Save the Children provide practical and emotional support to vulnerable children in South Africa orphaned through parents with HIV/AIDS.
HIV and AIDS: What We Do
Partnering with Communities to End HIV and AIDS
Save the Children envisions a world where children and families can live free of HIV infection and in which families that are affected by HIV and AIDS around the world can live positively and productively without stigma and discrimination.
Drawing on our global experience, Save the Children supports hundreds of thousands of children and young people at risk for, and affected by, HIV. Save the Children takes a comprehensive approach in addressing HIV and AIDS, focusing on orphans and other vulnerable children; young people most at risk in the epidemic; and efforts to combat Pediatric AIDS. Working with families, local governments and others, Save the Children enables communities to better protect vulnerable children, expand efforts to prevent the spread of HIV, and care for community members infected with HIV and AIDS. In order to ensure a comprehensive and sustainable response to the epidemic as well as reduce stigma and discrimination, Save the Children integrates HIV and AIDS programming into our education, health, and hunger programs as well.
Orphans and Vulnerable Children (OVC)
Save the Children provides care and support for orphans and other vulnerable children in communities in many countries across Africa, including Ethiopia, Malawi, Mozambique, Uganda and Tanzania. Save the Children has also been active in Haiti and is building stronger support for orphans and other vulnerable children in our Asia programming as well. Save the Children’s approach strengthens child safety and protection, nutrition, health, education and other critical support services. Our programs are tailored to meet the age-specific needs of the children affected by AIDS, and use whole child programming and family-centered approaches to ensure their needs are met.
For example, Save the Children supported over half a million children though the Positive Change: Children, Communities and Care (PC3) program in Ethiopia, building upon on a foundation of community mobilization that has been highly successful. This program was the largest of its kind in Ethiopia and strengthened the ability of local organizations and government to improve the lives of orphans and other vulnerable children and their families through capacity building, training, and mentoring, and much greater integration of services.
Youth At Risk
Save the Children has significant youth HIV prevention programs worldwide, including Ethiopia, Mozambique, Malawi, Zimbabwe, Bangladesh, Myanmar, Nepal, Pakistan and Georgia. Our youth prevention approach is based on an understanding of local epidemics and the factors that increase vulnerability and drive the spread of the disease. In concentrated epidemics (primarily Asia), our work focuses on young people at greatest risk based on geographic, demographic and behavioral considerations. In high prevalence settings, we target all youth, with particular attention to older orphans and vulnerable children. Save the Children is working to expand access to quality information and services, establish peer support networks, and ensure that services are youth friendly so young people can make healthy decisions and adopt protective practices. Mobilizing peers and influential adults such as parents, teachers, and traditional religious leaders, Save the Children is able to work with young people and their communities to increase knowledge and information, create livelihood opportunities, increase healthy behaviors, and reduce vulnerability.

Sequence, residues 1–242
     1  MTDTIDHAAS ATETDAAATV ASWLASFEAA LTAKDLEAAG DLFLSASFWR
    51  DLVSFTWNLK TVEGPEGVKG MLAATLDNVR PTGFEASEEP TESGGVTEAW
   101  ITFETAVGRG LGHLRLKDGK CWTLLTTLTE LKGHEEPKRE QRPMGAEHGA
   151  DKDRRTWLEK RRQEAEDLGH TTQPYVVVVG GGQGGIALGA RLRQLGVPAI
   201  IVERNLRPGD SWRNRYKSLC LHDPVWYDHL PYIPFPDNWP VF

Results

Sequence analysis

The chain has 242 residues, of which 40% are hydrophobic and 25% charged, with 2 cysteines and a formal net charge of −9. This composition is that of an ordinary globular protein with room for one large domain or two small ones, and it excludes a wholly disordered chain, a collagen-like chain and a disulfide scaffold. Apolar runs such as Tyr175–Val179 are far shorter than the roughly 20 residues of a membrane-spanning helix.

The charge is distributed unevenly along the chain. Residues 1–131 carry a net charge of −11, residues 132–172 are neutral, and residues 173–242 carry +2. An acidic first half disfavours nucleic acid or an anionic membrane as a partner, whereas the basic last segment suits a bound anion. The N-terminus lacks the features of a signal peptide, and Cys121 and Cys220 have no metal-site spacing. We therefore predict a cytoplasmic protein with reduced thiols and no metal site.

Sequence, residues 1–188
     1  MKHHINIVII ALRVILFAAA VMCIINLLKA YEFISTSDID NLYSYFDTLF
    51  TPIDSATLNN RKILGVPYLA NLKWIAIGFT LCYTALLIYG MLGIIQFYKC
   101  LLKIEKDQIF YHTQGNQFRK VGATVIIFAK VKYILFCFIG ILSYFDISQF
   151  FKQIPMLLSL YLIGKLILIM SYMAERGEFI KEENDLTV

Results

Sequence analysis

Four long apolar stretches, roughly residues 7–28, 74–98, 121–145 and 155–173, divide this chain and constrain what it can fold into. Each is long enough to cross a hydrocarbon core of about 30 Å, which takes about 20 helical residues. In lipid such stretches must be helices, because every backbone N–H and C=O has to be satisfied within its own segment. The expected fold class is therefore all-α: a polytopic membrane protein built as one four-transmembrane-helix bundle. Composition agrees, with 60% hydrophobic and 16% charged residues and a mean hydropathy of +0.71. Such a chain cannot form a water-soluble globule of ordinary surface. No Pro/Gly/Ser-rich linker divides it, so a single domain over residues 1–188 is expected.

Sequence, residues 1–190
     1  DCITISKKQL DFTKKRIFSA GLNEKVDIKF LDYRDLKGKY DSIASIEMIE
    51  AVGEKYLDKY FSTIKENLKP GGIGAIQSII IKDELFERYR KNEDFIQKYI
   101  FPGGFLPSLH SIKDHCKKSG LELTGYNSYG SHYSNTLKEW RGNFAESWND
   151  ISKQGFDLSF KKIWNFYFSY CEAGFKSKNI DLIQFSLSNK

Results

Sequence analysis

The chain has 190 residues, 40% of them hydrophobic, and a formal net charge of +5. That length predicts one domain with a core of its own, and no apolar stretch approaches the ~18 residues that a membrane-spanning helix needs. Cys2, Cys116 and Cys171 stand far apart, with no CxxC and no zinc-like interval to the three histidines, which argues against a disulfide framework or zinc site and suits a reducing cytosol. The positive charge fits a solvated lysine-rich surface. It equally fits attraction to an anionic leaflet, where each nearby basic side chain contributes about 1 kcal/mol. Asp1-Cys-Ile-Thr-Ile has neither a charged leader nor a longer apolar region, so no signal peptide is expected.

Pediatric AIDS and Mother-to Child Transmission
Save the Children works to end mother-to-child transmission of pediatric AIDS infection through prevention of mother to child transmission (PMTCT) and the identification and care of children known to be HIV positive. We address gender and stigma barriers to testing among women, improve case follow-up for HIV-exposed newborns, and enhance support for HIV-positive mothers. For HIV-infected children born to parents who do not know their status, we focus on developing interventions for earlier case finding through community health, nutrition and OVC programming. We are also testing new approaches to address nutritional needs of HIV positive children. Save the Children has implemented PMTCT program activities in Mozambique, Malawi, Ethiopia and Myanmar. We continue to build an evidence base for community based prevention of mother to child transmission.
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